Munir was a giant in Indonesian politics and society. He was the pioneering human rights activist. He exposed atrocities by Hendropriyono, by Wiranto, by all of the generals. He did it impartially and evenhandedly. He was also extremely brilliant. He was one of the clearest, most brilliant thinkers I’ve ever met. He was a friend of mine. And he died vomiting to death on a plane, because BIN, which was in liaison with the CIA, slipped him a massive dose of arsenic. And today Munir is a legend, especially among the young people of Indonesia. And it’s appropriate. It’s one of those rare cases where historical credit goes to the person who actually deserves it—there are Munir T-shirts, there are songs about Munir—because people know that he was one who stood up for the people and they killed him for it.
AMY GOODMAN: And, Allan Nairn, his responsibility, Hendropriyono’s responsibility, in the 1999 terror campaign in East Timor? When the Timorese were voting for their independence, Indonesia burned almost all of it to the ground. You survived that. You covered it to the end, the last Western journalist in Timor at that time. Hendropriyono’s responsibility, but then going back, as you were saying, to the United States?
ALLAN NAIRN: Hendropriyono at the time was the minister of transmigration. According to the U.N. truth commission in Timor, Hendro was one of the architects of the militia terror campaign that burned down 80 percent of the structures in Timor, included massacres, rape, machete attacks on churches, etc. And he was also the one who, they said, masterminded the mass deportation, forced deportation of almost 400,000 Timorese—an astonishing operation. And as that was going on, the U.S. was still backing the Indonesian army. The Clinton White House was still backing the Indonesian army. And it was only the rising crescendo of world press coverage of the arson and the rape and the terror that was happening, and pressure from Congress, that finally, at the last minute, caused Clinton to relent, say, “OK,” he gave the concession, “we will cut off aid to the Indonesian army,” finally, all of it. And within about a day after that, the Indonesian army announced that they were giving up and pulling out of Timor and would allow the U.N.-sponsored referendum in which the Timorese had voted for independence, allow that to go into effect.
And during that campaign, at the end, as I was there, left in Dili, I was arrested on the streets by Wiranto’s army and held as prisoner in the military headquarters. And I could see, from inside that military headquarters, the militia, the men in red headbands, in civilian dress, who would go out and commit the atrocities. And they were running right out of the army bases. But now Hendro, General Hendropriyono, says he’s willing to be put on trial for that, as well as the Talangsari massacre, as well as the Munir assassination. So now it’s up to President Jokowi to see whether he will allow such trials to go forward.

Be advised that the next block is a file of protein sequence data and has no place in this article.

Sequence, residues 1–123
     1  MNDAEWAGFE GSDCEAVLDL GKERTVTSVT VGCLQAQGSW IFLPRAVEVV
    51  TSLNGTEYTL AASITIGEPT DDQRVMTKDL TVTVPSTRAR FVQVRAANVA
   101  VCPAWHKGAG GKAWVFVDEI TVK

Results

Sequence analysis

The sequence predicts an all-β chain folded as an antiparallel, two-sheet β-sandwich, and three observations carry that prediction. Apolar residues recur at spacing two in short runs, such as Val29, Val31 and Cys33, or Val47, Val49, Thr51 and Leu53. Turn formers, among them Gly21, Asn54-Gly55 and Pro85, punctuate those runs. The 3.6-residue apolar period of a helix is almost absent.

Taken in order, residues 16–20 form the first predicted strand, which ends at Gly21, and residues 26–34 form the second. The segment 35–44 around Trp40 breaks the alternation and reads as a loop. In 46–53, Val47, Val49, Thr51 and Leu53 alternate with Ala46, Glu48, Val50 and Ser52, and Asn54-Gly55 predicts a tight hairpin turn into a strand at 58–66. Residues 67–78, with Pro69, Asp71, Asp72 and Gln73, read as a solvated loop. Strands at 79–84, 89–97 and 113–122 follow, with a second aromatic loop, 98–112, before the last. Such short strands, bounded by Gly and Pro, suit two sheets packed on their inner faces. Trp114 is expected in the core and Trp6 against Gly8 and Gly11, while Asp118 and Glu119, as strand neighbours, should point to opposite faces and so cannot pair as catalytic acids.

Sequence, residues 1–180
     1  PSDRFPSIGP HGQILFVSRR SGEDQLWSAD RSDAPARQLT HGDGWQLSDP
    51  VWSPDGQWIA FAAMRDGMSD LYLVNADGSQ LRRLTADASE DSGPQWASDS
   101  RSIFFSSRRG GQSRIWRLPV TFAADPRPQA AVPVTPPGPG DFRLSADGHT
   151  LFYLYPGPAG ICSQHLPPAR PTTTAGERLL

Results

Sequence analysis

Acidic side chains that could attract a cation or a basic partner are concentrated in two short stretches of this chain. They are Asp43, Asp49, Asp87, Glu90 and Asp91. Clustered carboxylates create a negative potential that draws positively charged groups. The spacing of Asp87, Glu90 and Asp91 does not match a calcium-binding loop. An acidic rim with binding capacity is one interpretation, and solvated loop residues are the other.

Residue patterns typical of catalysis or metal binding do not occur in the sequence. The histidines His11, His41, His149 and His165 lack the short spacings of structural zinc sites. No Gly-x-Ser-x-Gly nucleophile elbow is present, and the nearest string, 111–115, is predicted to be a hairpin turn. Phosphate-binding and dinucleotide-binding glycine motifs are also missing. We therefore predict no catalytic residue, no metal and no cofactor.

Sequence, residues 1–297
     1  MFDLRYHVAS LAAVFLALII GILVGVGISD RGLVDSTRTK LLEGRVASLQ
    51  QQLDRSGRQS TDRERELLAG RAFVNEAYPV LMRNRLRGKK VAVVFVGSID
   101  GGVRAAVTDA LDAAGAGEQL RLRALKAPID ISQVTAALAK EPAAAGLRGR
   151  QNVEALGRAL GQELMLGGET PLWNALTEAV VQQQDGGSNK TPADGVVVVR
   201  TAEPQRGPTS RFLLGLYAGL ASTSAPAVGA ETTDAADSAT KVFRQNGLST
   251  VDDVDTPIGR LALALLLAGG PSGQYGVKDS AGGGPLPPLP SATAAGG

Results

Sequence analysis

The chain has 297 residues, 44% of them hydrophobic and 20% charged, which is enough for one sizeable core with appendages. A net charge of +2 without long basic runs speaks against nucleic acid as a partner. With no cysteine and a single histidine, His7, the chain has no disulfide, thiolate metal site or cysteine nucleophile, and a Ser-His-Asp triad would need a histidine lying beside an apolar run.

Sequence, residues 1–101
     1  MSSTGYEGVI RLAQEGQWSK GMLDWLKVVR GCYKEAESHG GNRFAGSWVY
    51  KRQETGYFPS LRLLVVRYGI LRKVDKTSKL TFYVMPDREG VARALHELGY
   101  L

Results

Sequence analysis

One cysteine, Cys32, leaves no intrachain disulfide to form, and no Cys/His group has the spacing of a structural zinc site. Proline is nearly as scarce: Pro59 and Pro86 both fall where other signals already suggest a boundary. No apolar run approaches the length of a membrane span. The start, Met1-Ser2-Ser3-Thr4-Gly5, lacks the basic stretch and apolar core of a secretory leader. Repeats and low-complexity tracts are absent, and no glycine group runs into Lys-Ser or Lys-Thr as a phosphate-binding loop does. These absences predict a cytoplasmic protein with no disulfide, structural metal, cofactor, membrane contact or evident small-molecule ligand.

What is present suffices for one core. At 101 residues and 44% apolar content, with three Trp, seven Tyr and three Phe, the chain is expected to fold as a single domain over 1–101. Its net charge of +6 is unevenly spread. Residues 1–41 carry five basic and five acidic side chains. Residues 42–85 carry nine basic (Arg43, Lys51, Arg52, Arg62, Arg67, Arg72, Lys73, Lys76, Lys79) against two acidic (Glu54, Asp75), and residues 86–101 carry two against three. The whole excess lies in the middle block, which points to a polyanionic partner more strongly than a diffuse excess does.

And it sets a precedent. Imagine, trials for generals like Hendropriyono; trials for the American CIA directors, like George Tenet, who met with Hendropriyono, who were sponsoring people like that; trials for the American generals, who were committing similar atrocities, directly in places like Iraq and Afghanistan, indirectly in places like Guatemala and Salvador and Gaza, countless other places; trials for the American presidents who sponsored this. The kinds of concessions that Hendropriyono made set very important precedents. Just beginning with the release of all those secret documents from the CIA, from the NSA, from the White House, from the Indonesian police, intelligence and military, it would be opening a Pandora’s box. And it’s long overdue, because we have to know the truth about state mass murder, and we have to put those who commit it on trial, be they Indonesians, be they Americans, anyone.
AMY GOODMAN: Allan Nairn, I want to thank you for being with us, journalist and activist, has reported from Indonesia for decades, previously exposing government killings of civilians, as well as in Latin America, an award-winning journalist. We have been speaking to him in Jakarta, Indonesia. We’ll link to his reports at democracynow.org.
When we come back, voters in Colorado and Oregon are going to the polls. They want labeling for genetically modified foods. Monsanto is pouring in a fortune to prevent that from happening. We’ll talk to the editor of a new book, The GMO Deception. Stay with us.